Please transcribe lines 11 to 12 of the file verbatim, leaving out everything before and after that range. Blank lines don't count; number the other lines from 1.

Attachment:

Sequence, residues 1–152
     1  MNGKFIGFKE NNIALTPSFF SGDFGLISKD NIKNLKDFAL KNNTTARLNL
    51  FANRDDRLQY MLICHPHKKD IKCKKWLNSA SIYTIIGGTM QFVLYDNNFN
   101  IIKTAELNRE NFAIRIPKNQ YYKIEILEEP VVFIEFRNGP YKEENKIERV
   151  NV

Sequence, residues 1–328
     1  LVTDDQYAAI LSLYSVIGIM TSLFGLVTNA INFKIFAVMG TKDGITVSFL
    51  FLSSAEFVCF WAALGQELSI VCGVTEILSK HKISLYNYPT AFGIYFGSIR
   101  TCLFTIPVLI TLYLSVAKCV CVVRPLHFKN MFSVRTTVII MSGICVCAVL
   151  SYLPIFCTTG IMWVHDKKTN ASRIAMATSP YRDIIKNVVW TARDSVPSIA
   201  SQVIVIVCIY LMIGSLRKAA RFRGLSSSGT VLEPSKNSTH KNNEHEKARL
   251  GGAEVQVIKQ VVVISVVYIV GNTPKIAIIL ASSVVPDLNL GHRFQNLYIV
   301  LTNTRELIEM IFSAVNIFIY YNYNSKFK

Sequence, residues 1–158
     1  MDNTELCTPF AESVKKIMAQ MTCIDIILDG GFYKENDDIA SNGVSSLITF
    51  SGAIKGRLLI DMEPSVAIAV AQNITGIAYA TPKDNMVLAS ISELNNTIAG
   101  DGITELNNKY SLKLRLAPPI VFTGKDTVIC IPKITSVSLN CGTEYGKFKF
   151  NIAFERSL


   201  SQVIVIVCIY LMIGSLRKAA RFRGLSSSGT VLEPSKNSTH KNNEHEKARL
   251  GGAEVQVIKQ VVVISVVYIV GNTPKIAIIL ASSVVPDLNL GHRFQNLYIV